Want to go and disrupt a Bush rally, or disrupt the RNC?? Well, you will probably be arrested sure. Guess what? If you went and disrupted a Kerry rally or the DNC you’d probably be arrested too. Want to know something else that might stagger you? If you went to disrupt an authorized KKK rally, you’d probably be arrested as well. If you went to disrupt a Friends of the Whales rally you’d probably be arrested as well. If you went to disrupt a Neo-Nazi rally…etc etc. If people are peacefully engaged in a rally for any part of the political spectrum and you attempt to disrupt it…you will probably be arrested. YOU GETTING THIS??


I feel the OP goes overboard. Things aren’t as bad as all that. But there are some things that are happening that all of us, regardless of our odealogy, should be worried about.

There’s the Patriot Act and other powers the government has aquired in the last couple of years. Suddenly there are secret lists and we don’t know if we’re on them. We only know about these lists when somebody famous like Ted Kennedy or Cat Stevens gets pulled over.

There’s a growing trend of shutting down all forms of protest. Not just violent or disruptive protests at events. Any protest, anywhere near an event. At the RNC, protesters were arrested blocks away from the convention itself. When a judge said they were being held illegally and ordered their immediate release, there was a "paperwork error’’ that held up the release until the convention was over and the reporters had left town.

A year ago, some actors endorsed John Kerry. The chairman of the Republican Party called them “unpatriotic”. Not “left wing liberals” or “misguided Hollywood types” or “stupid democrats”. He said they were unpatriotic. When did it become unpatriotic in this country to say you’re going to vote for a candidate who is legally running for office?

In another thread, we posted reports of incidents in nine different states where black voters were being illegally intimidated in to not going to vote. When the party in power starts making sure people don’t vote for the opposition, we’re all in trouble.

Cite that the “no fly” list of which you speak is secret? It might be difficult to get off the list once you are on, but I’m not aware that the lists are secret.

I should have been more clear on that “secret” issue. I believe you can find out if you are on the list or not. But I doubt you could find out if I was on the list, and I would not want you to be able to.

I have mixed feelings about this as well. The right to congregrate and free speech and all that is a pretty fundamental right, and I hate to see it curtailed. On the other hand, I think the argument can be made that there is a very legitimate security problem that is excacerbated by protestors.

I guess I look at it this way in terms of New York and Boston. Both parties have the right to congregate and hold their conventions. They have the right to expect security. I hold in less regard the right of protestors to show up and deprive either the Democrats or the Republicans of their right to congregrate and hold free speech. These protestors’ activities can be reasonably curtailed to whatever extent is necessary to ensure the rights of the people who scheduled the event.

In other words the protestors’ rights of free speech and congregration do not extend to depriving others of their rights of free speech and congregration.

The Chairman of the Republican Party is allowed to have an opinion. Is he not?

Yeah, I saw that. It was pretty one-sided. Let’s take off our partisan hats here for a second, and admit to reality. Both parties do their damnedest to get out the vote in the sectors where they think that vote will be most favorable. Both parties also try to curtail the other party’s activities to the extent their are able. At times the law is crossed in getting out the vote (like the bussing and cigarettes in Philadelphia,) and other times attempts to enforce the laws may be overzealous.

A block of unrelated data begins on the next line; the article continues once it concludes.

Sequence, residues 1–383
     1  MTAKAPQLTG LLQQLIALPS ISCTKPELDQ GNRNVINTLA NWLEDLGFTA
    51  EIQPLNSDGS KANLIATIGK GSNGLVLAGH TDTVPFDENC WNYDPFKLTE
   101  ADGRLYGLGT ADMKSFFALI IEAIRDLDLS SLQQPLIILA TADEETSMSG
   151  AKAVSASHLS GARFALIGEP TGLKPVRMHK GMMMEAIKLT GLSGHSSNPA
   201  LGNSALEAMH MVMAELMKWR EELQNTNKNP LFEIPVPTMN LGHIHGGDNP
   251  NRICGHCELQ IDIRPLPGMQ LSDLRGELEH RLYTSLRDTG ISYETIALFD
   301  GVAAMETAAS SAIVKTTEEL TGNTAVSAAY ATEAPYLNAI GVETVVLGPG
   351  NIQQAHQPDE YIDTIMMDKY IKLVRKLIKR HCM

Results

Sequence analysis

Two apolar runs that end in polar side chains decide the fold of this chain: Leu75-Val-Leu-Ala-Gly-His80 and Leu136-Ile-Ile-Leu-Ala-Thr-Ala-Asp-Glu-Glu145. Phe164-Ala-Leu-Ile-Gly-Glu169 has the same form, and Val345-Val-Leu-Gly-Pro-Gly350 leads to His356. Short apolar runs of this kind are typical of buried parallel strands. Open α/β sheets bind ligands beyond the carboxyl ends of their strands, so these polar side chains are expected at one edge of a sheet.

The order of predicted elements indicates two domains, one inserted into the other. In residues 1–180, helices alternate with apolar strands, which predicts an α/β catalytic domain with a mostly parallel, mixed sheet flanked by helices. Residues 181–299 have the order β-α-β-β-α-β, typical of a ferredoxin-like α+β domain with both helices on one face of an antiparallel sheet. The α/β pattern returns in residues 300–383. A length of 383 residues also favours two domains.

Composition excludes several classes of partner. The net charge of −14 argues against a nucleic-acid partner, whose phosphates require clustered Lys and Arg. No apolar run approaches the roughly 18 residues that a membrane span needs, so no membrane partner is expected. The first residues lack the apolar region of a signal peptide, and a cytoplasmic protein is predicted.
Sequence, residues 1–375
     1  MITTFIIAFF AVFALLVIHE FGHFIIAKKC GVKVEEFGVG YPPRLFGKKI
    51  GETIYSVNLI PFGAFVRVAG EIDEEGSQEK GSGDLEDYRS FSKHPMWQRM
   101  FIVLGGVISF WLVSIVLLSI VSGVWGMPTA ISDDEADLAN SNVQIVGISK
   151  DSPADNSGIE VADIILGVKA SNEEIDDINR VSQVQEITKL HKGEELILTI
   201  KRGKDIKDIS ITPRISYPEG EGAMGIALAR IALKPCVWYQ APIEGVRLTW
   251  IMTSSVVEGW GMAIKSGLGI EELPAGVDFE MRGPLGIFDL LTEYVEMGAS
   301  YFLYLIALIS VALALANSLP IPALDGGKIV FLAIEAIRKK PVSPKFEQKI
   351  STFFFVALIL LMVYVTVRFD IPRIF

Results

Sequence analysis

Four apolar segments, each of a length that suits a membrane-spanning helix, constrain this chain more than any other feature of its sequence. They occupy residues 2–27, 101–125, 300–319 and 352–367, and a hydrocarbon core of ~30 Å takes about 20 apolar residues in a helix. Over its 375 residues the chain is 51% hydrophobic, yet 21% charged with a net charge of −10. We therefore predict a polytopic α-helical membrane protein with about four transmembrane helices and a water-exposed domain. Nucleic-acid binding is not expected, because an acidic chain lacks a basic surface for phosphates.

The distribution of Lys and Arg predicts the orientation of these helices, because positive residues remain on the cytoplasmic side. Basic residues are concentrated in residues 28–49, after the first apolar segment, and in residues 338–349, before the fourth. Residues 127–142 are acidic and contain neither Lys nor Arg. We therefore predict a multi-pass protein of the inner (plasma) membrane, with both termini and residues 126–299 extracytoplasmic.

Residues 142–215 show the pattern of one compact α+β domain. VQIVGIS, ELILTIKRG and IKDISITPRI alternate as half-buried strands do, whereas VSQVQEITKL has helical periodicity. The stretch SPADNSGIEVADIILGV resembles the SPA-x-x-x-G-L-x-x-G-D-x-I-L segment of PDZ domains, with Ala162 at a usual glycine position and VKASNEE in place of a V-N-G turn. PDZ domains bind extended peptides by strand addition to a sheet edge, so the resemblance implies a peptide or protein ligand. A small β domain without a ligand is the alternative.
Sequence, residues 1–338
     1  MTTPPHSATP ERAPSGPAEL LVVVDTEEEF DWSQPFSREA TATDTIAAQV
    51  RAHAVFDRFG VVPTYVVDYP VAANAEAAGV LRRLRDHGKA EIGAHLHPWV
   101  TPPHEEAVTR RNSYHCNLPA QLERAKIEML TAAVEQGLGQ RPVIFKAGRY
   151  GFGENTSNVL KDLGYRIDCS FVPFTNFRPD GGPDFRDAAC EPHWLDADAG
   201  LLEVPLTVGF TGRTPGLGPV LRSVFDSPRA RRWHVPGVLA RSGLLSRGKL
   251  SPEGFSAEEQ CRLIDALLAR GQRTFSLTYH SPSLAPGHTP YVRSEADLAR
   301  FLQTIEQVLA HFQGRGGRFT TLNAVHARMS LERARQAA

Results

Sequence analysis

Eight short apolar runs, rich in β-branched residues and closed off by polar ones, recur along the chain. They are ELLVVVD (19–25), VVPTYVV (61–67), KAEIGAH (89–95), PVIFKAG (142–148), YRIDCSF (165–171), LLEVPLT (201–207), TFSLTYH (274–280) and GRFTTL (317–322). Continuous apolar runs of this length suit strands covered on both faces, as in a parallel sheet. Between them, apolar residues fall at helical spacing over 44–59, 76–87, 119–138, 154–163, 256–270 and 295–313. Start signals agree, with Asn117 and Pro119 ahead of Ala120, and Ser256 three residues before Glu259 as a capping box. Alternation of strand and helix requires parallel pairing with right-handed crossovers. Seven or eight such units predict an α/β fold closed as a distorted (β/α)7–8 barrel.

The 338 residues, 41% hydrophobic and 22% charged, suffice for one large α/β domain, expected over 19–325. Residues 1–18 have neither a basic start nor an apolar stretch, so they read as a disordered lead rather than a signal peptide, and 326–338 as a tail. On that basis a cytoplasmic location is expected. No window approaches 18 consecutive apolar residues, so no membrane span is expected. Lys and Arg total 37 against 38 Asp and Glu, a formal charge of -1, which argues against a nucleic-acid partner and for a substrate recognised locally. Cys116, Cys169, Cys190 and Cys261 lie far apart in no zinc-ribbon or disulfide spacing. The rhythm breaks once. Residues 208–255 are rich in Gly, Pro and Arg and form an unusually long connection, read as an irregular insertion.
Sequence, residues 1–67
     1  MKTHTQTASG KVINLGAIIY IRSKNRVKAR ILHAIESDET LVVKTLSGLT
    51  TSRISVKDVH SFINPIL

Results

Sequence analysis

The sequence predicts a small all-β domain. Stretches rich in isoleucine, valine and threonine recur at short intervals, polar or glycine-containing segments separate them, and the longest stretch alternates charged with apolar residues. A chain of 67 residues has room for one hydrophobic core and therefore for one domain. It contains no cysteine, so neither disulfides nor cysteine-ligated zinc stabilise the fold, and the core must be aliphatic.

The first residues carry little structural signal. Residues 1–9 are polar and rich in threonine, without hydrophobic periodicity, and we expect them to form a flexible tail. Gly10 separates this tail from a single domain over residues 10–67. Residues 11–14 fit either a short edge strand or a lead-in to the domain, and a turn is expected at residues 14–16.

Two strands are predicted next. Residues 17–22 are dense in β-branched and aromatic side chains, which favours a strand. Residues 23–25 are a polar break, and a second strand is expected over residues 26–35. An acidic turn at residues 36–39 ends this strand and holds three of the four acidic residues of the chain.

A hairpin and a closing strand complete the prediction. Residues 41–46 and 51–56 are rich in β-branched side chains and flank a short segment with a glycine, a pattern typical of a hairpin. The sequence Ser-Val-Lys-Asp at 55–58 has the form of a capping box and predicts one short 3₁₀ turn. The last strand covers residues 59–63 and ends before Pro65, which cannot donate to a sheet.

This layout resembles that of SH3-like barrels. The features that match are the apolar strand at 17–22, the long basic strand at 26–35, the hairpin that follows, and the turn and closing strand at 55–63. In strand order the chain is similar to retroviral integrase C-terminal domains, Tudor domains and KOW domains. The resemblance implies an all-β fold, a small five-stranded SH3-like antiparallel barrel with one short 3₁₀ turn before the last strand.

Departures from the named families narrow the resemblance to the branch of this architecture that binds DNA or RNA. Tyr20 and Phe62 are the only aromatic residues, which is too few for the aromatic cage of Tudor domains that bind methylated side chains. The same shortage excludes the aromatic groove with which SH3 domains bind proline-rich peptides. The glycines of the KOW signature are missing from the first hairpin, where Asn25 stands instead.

That’s politics. That’s all.

Well, I guess it is sort of obvious that you can find out if you are on the list or not…You try to fly and you find out. Do you have evidence that there is another way to find out?

Noone is saying he does not have a right to an opinion. But we have the right to question his opinion and to really wonder what it says that someone who thinks this way is doing in a position of power in the Republican Party…And, to let everyone else know what this party seems to stand for. (Assuming this story Little Nemo related is true…I would want a cite for it because I really truly hope the Chairman of the Republican Party didn’t say that.)

Well, I think voting for Kerry is unpatriotic as well. The guy’s a traitor.

Nope they’re classified. According to their own website, the APIS watchlist is only avialable “only for official business on a need-to-know basis”. - a newspaper article - a government website - a somewhat paranoid homepage describing privacy aspects

The Advance Passenger Information Systems (or APIS) has been around since 1988 but until 2002 it was a voluntary decision for the airlines on whether or not they wanted to participate. It is now mandatory.

The Dept of Homeland Security releases a list of names to airlines. The airlines monitor all passengers for names on the list. But the airlines also forward a complete list of all passengers to the DHS for all flights. The DHS then checks these names against a larger list, which is not distributed to the airlines.

There was basically no information about who was on these watchlists or why. There definitely was no information about how a person could find out if they are on the list. But by searching around I eventually found a website that had a FAQ addressing the “privacy concerns” involved. Here’s the quote:

See anything there about contacting them about whether or not your name is on the list?

Incidentally APIS is not only an American program. It also involves all international flights arriving in Canada, Australia, New Zealand, and the Republic of Korea. A number of airlines, including those in Russia and Mexico, are also participating in the program. The United States has been negotiating with several European countries to bring them into the program, but so far they have not because the APIS program as it now exists does not comply with EU data security laws. An US Government guideline on the program encourages international participation in APIS but points out that some countries might write laws which would allow a person to know if he or she was on a watch-list.